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Sierra Madre Proposes Strict Limits for Hillsides : Building: The city’s third attempt in two years to control development in the foothills is the toughest yet.

TIMES STAFF WRITER

A hillside development ordinance is again making the rounds in Sierra Madre, the third such attempt in two years to preserve the San Gabriel Mountain foothills that provide a backdrop to this small town.

This version--devised after seven months of work by a task force of land use attorneys, hillside property owners and conservationists--could replace the strict ordinance now on the books with one even stricter.

Instead of a maximum of about 100 houses allowed under the current hillside development ordinance, the proposed ordinance would permit only about 65 houses, said Dale Beland, a land-use consultant hired by the Hillside Task Force.

Yet, task force member Gurdon Miller said the proposed ordinance has met with more acceptance from conservationists and property owners than previous versions devised by the city’s Planning Commission and City Council.

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If adopted by the council, the ordinance could put an end to two years of haggling, moratoriums, last-minute ordinances and a lawsuit by one hillside property owner.

The reason for the greater acceptance, Miller said, is that the new ordinance thoroughly maps the slopes and geological features on the 557 acres of hillsides above the town. Development is then based on those features and the slope of the land.

“From a technical standpoint, this is one of the most thoroughly done and tailor-made hillside ordinances ever proposed,” said Miller, a Los Angeles city senior planner.

“This isn’t the way ordinances are usually prepared,” he said. “It’s a handmade ordinance. The ordinance was written by people who live in Sierra Madre and care about it.”

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Air photos and computers were used to create a detailed topographic map, Miller said. Property owner Ted Willis photographed the hillsides from city streets to determine view lines and other property owners chipped in to pay consultant Beland, he said.

The ordinance was presented Monday evening during a joint meeting in City Hall of the task force, the Planning Commission and the City Council. As outlined by Beland, the ordinance does away with five development zones imposed vertically on the hillsides under the current ordinance.

Instead of zones of density ranging from one house per 15,000 square feet to one house per 40 acres, the new ordinance uses a density formula based on the steepness of the slopes and the size of the parcel.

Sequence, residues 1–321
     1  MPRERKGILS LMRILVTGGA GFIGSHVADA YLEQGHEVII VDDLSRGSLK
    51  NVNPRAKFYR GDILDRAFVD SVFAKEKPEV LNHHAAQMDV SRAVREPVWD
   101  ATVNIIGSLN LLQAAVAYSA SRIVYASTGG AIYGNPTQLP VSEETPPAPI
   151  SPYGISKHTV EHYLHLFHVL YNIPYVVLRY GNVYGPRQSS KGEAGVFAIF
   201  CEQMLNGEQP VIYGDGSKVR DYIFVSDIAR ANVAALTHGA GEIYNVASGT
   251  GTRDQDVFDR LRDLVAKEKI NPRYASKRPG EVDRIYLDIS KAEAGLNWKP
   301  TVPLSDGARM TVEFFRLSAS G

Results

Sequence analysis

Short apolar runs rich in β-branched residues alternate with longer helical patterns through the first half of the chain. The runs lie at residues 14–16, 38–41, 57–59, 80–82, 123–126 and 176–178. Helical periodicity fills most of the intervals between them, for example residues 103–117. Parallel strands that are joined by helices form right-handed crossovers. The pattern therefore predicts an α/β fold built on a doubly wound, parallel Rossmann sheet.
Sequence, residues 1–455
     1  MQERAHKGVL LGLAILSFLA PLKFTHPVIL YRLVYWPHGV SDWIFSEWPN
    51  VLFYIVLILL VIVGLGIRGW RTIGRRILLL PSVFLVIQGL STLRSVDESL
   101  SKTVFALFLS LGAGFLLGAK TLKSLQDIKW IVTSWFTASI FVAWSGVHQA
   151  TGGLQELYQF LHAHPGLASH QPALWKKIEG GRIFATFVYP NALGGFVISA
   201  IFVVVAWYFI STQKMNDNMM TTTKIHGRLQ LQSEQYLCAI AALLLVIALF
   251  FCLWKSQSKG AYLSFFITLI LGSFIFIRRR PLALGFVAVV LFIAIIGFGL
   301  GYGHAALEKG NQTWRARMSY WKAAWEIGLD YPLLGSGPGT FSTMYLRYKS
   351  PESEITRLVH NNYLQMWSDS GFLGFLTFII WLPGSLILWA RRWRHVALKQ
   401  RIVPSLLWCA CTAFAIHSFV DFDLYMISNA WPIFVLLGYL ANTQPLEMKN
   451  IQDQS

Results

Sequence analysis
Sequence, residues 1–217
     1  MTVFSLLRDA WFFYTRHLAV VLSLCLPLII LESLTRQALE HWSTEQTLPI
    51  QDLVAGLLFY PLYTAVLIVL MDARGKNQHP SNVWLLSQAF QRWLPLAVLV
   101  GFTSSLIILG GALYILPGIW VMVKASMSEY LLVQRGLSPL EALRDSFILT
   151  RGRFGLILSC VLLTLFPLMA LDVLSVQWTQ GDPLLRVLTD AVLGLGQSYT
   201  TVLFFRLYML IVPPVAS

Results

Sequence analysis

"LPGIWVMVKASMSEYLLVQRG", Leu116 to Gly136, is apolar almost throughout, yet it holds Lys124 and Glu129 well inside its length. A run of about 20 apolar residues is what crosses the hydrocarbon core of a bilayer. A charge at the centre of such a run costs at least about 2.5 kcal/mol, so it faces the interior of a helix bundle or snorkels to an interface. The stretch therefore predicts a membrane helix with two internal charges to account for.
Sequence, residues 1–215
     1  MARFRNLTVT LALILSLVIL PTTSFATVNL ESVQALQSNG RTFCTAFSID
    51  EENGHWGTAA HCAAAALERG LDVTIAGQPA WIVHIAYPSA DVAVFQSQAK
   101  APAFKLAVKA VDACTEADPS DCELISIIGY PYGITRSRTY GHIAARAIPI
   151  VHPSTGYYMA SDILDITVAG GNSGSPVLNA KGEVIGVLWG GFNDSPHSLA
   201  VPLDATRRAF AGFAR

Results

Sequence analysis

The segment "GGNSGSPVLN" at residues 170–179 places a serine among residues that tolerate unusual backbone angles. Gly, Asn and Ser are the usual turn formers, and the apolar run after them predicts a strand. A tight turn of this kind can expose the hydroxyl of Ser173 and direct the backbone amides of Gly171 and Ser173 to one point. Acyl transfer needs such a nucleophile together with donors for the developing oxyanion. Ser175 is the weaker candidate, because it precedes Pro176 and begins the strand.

Generally, slopes of up to 15% can contain a maximum of three structures per acre, slopes from 15% to 20% a maximum of two structures per acre, 20% to 25% one structure per two acres, and 25% and above one structure per 100 acres.

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Imposed on this grid is a series of building prohibitions based on geological features. Construction is not permitted within 100 feet of a ridge line, on stream beds or vegetation areas, or near hiking trails or historic structures.

“This is stricter (than the current ordinance) but more importantly, the proposed ordinance is sensitive to environmental conditions, things that you can actually show: streams, slopes, ridges,” Miller said.

The new ordinance also contains a unique feature in that building is allowed on areas that cannot be seen from the town’s streets. It also excludes most of the flat land owned by the Passionist Fathers retreat house from the hillside boundaries.

The Planning Commission will hold a study session Sept. 6 to discuss concerns about density, the bottom boundary line and the elimination of requirements for curbs, gutters and sidewalks.

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In addition, the City Council must consider an environmental impact report. Thus, work on the ordinance is expected to continue for months.

BACKGROUND The proposed hillside development ordinance is Sierra Madre’s third attempt to preserve the rural character of the foothills. After a hillside building moratorium was imposed in 1988, the city’s Planning Commission worked for a year to devise a strict new ordinance that was presented in September, 1989. But that ordinance displeased most of the 15 major hillside property owners and a less-stringent version was devised by the City Council last November. The strict version was hastily passed by the council in January, however, when an attorney for one hillside property owner argued that the moratorium of 1988 had reached its two-year limit. A nine-member Hillside Task Force was created in March to devise the ordinance now being considered. A second moratorium was imposed in June to prevent development while the task force worked.


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